The game employs classic turn-based combat with a dual resource system. There are actions of “Opportunity” and actions of magic that use “Spell Power”. Once all your opportunity is used and your spell power depleted, or you’ve concluded any actions you want then you may end your turn and let the NPCs have their go.
While numbers are an aspect of combat, the brute force approach is rarely the smoothest way to win the day. This is where party and archetype building comes into play. My party ended up with two mages, one rogue, and one bard, with no fighter because I was an idiot and sent my solitary fighter off on a task. I wanted to keep the story characters so I developed a strategy to deal with a softer squishier front line.
My approach was to buff the party in the first round and use magic to debuff the foe, one mage as crowd control, the other for aoe damage and debuff, and the rogue for massive spike damage. The bard played true support by throwing up low cost shields and resetting powerful cooldowns. Before I had sent my fighter off and I gained the second mage, I was using a completely different strategy that involved taunts and him as a damage sponge. The flexibility and variety adds a lot of fun to the combat.
Lore and Story
InXile did many things right with this game and the way they approached and tied lore, backstory, and character development together is nothing short of masterful. In the undercity of Skara Brae I walked down familiar streets, past familiar shops, and streets and even the main square. It made me feel like I was back in that same Skara Brae seeing it anew. It was more than nostalgia. It felt like everything was in its place and appropriate and it fit together in a way that made sense of the history and the current story at the same time.
Overall, the narrative and world feel cohesive and well assembled. The game isn’t asking you to believe in a new “rebooted” Skara Brae. It’s set in the same old town we’ve been playing in for thirty years only with a new story and modern graphics.
The Rough Spots
There are a few pointy corners here and there. The UI comes to mind first. Sometimes interactive objects get mouse fiddly. For example, when operating a mechanism it might move two ways and the UI will sometimes stutter between the two even when repositioning the mouse.
Sometimes the visual power of Unreal doesn’t mix well with some stylized elements. An example that comes to mind are detail water reflections near a more stylistically presented interactable object.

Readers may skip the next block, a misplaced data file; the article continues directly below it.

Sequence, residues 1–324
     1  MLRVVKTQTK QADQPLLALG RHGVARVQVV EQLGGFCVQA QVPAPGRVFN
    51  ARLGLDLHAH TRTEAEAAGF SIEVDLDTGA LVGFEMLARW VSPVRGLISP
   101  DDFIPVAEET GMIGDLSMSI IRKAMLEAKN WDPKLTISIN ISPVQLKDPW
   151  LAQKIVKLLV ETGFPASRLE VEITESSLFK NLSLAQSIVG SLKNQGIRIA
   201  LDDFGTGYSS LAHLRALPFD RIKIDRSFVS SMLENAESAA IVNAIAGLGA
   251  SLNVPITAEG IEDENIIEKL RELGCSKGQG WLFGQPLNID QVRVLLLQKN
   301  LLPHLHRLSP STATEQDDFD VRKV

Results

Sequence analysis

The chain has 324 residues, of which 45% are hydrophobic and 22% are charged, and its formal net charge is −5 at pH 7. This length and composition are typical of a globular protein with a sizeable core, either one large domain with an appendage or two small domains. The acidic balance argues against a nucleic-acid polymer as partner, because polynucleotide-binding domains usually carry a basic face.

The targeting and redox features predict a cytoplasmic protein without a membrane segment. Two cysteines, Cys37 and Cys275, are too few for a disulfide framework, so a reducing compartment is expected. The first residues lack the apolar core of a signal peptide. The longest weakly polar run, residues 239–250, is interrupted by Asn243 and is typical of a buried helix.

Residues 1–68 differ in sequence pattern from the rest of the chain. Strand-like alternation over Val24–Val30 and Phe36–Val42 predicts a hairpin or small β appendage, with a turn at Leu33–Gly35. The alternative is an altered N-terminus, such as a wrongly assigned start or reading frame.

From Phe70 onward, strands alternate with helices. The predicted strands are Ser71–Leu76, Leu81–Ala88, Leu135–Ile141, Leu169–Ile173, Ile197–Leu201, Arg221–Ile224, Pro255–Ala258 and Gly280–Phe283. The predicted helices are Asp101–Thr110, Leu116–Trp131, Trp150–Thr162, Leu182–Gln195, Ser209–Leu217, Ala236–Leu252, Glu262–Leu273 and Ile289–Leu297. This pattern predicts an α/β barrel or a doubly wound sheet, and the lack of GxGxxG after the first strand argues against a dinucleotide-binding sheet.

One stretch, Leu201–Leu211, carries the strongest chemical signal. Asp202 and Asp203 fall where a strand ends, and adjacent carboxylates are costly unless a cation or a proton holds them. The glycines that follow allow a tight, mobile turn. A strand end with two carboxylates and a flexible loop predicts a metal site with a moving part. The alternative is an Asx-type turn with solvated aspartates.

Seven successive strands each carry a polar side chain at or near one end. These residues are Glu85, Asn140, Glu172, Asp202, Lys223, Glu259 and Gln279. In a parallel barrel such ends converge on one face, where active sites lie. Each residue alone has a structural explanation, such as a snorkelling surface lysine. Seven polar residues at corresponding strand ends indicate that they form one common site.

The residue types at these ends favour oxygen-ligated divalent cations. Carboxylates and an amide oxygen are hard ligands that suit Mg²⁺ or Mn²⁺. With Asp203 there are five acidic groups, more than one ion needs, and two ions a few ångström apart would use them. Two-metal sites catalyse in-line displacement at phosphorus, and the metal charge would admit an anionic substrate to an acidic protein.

The worst offender is the Review Board. This classic lore trope is the level up mechanism and is a core piece of the franchise. The implementation in Bard’s Tale 4 is crude and the voiceover is over done and a bit ridiculous. Also, it wasn’t quite clear what the review board wanted from me to advance at times. I would be at the point I should be able to advance, but I hadn’t completed something important. It was frustrating and detracted from the game flow. There should be a Review Board because it’s a core aspect to the Adventurer’s Guild. It just needs to be done better.
InXile has a few bugs and polish areas needing attention but they are minor annoyances in an otherwise excellent game.
This is your grandpappy’s old-school RPG, but it is made for the modern day. It’s made for RPG lovers of all types, ages, and experience. Bard’s Tale 4 follows squarely in the footsteps of giants without missing a beat. It has taken all those classic features and brought them into modern game play. It feels both fresh and true to its roots, at the same time. I highly recommend this to veterans and newcomers to the series alike.
If you’ve already started playing share your experience, but please use spoiler tags, when appropriate, for the benefit of your fellow adventurers.
Note: Our copy was reviewed on Steam with a code provided by PR.
- Interesting characters
- RPG game play your way
- Cohesive story with deep lore ties
- UI is occasionally clunky
- Design elements clash
- The Review Board